Malala Yousafzai, the Pakistani girl shot by the Taliban, has told the UN that books and pens scare extremists, as she urged education for all.
Speaking on her 16th birthday, Malala said efforts to silence her had failed.
She was shot in the head on a school bus by Taliban gunmen because of her campaign for girls' rights.
The speech at the UN headquarters in New York was her first public address since last October's incident in Pakistan's north-western Swat valley.
Malala has been credited with bringing the issue of women's education to global attention. A quarter of young women around the world have not completed primary school.
After the shooting, Malala was flown from Pakistan to the UK for treatment, and now lives in Birmingham, England.
There were huge cheers when Malala Yousefzai took to the podium. A few months ago, such a moment might have seemed unimaginable. Her speech, to more than 500 young people aged 12-25 from around the world, was delivered with grace and compassion.
Malala may be the focus and inspiration behind today's events, but she hopes her message will highlight the challenges millions of her contemporaries face. Many here say she's their inspiration.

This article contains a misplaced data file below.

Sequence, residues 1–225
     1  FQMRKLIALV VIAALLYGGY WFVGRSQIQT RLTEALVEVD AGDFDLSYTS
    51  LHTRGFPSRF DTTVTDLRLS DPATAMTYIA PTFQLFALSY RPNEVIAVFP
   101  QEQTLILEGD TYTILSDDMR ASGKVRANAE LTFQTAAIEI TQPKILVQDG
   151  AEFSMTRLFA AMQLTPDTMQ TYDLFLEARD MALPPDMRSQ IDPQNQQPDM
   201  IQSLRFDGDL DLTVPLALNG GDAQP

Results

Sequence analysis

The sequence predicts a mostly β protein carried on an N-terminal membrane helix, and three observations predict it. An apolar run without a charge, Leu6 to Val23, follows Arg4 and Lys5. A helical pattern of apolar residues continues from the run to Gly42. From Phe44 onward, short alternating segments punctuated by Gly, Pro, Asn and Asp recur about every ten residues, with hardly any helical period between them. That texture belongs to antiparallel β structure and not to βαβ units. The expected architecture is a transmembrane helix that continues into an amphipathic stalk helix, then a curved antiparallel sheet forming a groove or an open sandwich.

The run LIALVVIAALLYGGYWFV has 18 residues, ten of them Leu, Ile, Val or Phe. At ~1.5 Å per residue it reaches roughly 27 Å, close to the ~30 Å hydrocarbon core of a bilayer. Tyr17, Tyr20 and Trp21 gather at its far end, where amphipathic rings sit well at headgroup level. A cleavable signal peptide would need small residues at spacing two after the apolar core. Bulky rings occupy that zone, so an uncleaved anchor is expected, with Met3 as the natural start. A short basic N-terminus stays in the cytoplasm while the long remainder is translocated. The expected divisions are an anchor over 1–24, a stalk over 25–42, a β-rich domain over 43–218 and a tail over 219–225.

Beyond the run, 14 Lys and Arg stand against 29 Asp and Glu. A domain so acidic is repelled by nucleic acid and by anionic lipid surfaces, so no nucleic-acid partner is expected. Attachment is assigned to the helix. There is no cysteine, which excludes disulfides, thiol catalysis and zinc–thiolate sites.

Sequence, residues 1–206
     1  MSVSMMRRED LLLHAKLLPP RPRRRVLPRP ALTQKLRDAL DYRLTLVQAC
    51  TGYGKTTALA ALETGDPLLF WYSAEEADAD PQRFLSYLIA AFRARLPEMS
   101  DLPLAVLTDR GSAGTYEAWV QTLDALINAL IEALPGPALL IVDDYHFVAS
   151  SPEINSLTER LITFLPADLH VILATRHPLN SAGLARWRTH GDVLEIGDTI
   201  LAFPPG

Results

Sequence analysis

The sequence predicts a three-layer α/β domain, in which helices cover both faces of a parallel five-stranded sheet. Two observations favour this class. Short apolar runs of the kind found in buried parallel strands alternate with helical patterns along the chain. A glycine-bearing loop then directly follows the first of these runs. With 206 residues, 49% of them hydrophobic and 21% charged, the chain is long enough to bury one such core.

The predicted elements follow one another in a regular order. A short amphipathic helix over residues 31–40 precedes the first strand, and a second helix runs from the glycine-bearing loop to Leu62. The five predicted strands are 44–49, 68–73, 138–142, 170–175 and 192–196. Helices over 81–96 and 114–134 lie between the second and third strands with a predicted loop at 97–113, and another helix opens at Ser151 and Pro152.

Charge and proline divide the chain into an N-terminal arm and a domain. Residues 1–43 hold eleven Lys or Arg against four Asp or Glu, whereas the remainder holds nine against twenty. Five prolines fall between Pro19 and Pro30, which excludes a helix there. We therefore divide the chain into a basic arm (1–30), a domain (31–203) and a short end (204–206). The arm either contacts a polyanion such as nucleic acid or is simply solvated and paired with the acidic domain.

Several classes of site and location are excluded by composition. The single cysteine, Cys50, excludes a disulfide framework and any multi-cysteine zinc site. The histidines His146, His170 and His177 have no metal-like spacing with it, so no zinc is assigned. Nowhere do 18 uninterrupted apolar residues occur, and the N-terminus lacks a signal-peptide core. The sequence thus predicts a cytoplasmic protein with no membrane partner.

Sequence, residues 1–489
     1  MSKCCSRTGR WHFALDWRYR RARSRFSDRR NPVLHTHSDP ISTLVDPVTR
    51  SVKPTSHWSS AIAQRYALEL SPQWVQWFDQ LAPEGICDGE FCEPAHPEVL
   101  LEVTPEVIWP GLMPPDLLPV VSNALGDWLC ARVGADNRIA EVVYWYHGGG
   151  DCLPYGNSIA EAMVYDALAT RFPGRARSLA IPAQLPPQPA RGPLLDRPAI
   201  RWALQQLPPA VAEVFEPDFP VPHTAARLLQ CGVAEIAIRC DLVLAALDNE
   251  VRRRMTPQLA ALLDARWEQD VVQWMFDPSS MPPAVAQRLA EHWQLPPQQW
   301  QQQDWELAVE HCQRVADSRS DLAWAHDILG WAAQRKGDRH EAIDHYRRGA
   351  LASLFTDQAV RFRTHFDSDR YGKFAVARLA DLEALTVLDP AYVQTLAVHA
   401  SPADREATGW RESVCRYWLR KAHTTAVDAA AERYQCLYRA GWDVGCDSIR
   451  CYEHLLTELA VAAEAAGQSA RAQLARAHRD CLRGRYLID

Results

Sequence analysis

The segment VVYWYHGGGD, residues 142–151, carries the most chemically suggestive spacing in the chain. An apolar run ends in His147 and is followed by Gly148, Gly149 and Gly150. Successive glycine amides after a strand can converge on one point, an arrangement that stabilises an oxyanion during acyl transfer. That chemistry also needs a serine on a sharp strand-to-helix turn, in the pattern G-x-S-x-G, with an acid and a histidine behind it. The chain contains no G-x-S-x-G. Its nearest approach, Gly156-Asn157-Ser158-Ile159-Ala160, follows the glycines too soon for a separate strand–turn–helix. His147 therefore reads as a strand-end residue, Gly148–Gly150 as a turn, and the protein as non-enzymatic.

There is a buzz of excitement at the UN. Corridors and chambers normally filled with sharp-suited diplomats have, for one day at least, been taken over by teenagers. It's Malala's story and incredible recovery from her attack that have brought the issue of universal education to greater global attention. The challenge is to keep up the momentum to make a real change.
Amid several standing ovations, Malala told the UN on Friday that the Taliban's attack had only made her more resolute.
"The terrorists thought that they would change my aims and stop my ambitions," she said, "but nothing changed in my life, except this: weakness, fear and hopelessness died. Strength, power and courage was born."